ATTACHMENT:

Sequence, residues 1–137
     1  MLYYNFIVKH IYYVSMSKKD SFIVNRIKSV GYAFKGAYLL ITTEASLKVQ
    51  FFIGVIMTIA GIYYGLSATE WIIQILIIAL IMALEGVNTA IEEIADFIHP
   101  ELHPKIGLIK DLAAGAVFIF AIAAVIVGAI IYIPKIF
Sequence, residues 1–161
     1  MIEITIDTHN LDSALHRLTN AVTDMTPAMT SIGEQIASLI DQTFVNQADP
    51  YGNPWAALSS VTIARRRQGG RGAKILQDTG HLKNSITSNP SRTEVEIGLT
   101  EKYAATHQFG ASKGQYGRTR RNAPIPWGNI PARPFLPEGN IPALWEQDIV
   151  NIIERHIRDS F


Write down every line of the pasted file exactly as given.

Sequence, residues 1–137
     1  MLYYNFIVKH IYYVSMSKKD SFIVNRIKSV GYAFKGAYLL ITTEASLKVQ
    51  FFIGVIMTIA GIYYGLSATE WIIQILIIAL IMALEGVNTA IEEIADFIHP
   101  ELHPKIGLIK DLAAGAVFIF AIAAVIVGAI IYIPKIF
Sequence, residues 1–161
     1  MIEITIDTHN LDSALHRLTN AVTDMTPAMT SIGEQIASLI DQTFVNQADP
    51  YGNPWAALSS VTIARRRQGG RGAKILQDTG HLKNSITSNP SRTEVEIGLT
   101  EKYAATHQFG ASKGQYGRTR RNAPIPWGNI PARPFLPEGN IPALWEQDIV
   151  NIIERHIRDS F